OBJECTIVE: The aim of this study was to produce a validated satiety index of common foods. DESIGN AND SUBJECTS: Isoenergetic 1000 kJ (240 kcal) servings of 38 foods separated into six food categories (fruits, bakery products, snack foods, carbohydrate-rich foods, protein-rich foods, breakfast cereals) were fed to groups of 11-13 subjects. Satiety ratings were obtained every 15 min over 120 min after which subjects were free to eat ad libitum from a standard range of foods and drinks. A satiety index (SI) score was calculated by dividing the area under the satiety response curve (AUC) for the test food by the group mean satiety AUC for white bread and multiplying by 100. Thus, white bread had an SI score of 100% and the SI scores of the other foods were expressed as a percentage of white bread. RESULTS: There were significant differences in satiety both within and between the six food categories. The highest SI score was produced by boiled potatoes (323 +/- 51%) which was seven-fold higher than the lowest SI score of the croissant (47 +/- 17%). Most foods (76%) had an SI score greater than or equal to white bread. The amount of energy eaten immediately after 120 min correlated negatively with the mean satiety AUC responses (r = -0.37, P < 0.05, n = 43) thereby supporting the subjective satiety ratings. SI scores correlated positively with the serving weight of the foods (r = 0.66, P < 0.001, n = 38) and negatively with palatability ratings (r = -0.64, P < 0.001, n = 38). Protein, fibre, and water contents of the test foods correlated positively with SI scores (r = 0.37, P < 0.05, n = 38; r = 0.46, P < 0.01; and r = 0.64, P < 0.001; respectively) whereas fat content was negatively associated (r = -0.43, P < 0.01). CONCLUSION: The results show that isoenergetic servings of different foods differ greatly in their satiating capacities. This is relevant to the treatment and prevention of overweight and obesity.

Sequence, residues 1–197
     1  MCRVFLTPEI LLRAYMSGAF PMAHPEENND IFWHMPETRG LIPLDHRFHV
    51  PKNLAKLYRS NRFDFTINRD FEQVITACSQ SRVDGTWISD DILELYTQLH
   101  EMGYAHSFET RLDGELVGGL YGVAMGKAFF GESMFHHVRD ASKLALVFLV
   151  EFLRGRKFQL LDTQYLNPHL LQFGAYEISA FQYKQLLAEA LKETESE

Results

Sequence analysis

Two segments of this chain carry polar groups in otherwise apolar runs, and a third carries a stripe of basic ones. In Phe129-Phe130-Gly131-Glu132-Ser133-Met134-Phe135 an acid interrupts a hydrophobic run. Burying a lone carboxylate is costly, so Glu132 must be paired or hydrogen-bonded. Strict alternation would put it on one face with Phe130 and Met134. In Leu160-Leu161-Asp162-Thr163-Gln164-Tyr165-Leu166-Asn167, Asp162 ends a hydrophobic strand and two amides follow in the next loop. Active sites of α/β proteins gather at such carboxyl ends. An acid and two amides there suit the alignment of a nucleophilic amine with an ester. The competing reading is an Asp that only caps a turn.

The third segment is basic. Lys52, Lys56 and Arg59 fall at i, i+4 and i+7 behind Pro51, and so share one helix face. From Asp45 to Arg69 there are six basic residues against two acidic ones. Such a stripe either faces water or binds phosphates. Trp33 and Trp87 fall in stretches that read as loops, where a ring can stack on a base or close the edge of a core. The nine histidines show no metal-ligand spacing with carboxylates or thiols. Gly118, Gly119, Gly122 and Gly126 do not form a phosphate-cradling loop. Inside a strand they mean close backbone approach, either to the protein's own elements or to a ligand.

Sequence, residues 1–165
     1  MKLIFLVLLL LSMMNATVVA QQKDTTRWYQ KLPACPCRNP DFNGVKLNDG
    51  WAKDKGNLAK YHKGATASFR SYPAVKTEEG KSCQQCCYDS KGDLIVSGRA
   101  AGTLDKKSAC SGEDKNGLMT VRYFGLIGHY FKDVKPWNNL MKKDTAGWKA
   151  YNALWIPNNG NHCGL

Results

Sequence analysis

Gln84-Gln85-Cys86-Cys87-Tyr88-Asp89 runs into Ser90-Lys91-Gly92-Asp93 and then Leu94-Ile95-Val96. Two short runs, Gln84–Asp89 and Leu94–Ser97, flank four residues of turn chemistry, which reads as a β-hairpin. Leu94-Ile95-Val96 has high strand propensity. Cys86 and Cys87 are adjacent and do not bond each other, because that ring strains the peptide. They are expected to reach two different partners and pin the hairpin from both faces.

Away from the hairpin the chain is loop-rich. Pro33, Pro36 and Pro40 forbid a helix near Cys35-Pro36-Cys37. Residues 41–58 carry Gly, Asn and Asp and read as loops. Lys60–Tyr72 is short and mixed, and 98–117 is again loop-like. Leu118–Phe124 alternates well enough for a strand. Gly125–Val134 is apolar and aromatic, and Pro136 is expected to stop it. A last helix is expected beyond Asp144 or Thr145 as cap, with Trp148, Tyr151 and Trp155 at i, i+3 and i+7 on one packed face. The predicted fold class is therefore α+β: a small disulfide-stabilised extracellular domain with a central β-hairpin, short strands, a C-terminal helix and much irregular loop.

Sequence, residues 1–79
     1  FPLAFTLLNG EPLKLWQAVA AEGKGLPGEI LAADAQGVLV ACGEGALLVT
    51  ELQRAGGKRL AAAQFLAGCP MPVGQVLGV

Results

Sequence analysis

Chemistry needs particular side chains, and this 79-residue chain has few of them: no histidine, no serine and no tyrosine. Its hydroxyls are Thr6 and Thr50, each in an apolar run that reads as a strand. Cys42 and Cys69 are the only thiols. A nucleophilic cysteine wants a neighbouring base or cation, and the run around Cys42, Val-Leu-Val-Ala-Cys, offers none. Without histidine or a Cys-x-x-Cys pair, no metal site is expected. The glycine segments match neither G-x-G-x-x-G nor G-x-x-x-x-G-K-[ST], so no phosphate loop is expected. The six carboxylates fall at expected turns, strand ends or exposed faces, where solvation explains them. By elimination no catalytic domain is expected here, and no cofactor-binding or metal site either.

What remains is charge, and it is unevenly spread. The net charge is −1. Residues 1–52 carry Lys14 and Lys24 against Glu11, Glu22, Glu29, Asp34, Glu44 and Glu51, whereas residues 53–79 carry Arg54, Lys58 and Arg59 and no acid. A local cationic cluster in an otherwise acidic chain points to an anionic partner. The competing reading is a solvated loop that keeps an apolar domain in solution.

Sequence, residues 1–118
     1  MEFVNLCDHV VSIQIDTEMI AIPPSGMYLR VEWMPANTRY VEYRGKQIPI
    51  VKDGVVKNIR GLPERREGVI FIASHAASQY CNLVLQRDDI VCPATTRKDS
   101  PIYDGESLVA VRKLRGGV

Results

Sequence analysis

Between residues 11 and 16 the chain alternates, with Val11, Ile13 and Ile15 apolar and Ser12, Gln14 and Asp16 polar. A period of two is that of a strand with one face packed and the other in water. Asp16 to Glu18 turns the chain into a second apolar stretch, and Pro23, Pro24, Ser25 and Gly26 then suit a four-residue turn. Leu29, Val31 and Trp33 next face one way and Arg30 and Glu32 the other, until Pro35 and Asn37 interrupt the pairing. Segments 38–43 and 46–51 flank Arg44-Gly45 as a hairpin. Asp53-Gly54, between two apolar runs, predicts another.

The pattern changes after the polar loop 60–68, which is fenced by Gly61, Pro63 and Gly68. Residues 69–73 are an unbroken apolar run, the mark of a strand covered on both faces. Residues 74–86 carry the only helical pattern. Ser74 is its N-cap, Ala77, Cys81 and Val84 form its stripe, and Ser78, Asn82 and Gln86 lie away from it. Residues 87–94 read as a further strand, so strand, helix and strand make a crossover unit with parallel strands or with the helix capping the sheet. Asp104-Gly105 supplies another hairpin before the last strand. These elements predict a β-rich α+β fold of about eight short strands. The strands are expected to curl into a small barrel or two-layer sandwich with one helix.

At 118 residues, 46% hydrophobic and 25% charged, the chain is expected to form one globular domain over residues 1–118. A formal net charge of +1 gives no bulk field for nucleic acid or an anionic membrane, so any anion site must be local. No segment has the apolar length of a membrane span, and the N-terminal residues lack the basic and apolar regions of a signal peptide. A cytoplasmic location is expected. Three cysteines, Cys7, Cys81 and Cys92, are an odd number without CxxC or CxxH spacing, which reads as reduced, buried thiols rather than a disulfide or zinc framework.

Eating more often does increase your metabolism (TEF) thermic effect of feeding. Particularly if you are eating just vegetables because your body has to digest the food, assimilate the nutrients and excrete the waste products and this requires calories. It may not be much but i believe it certainly helps.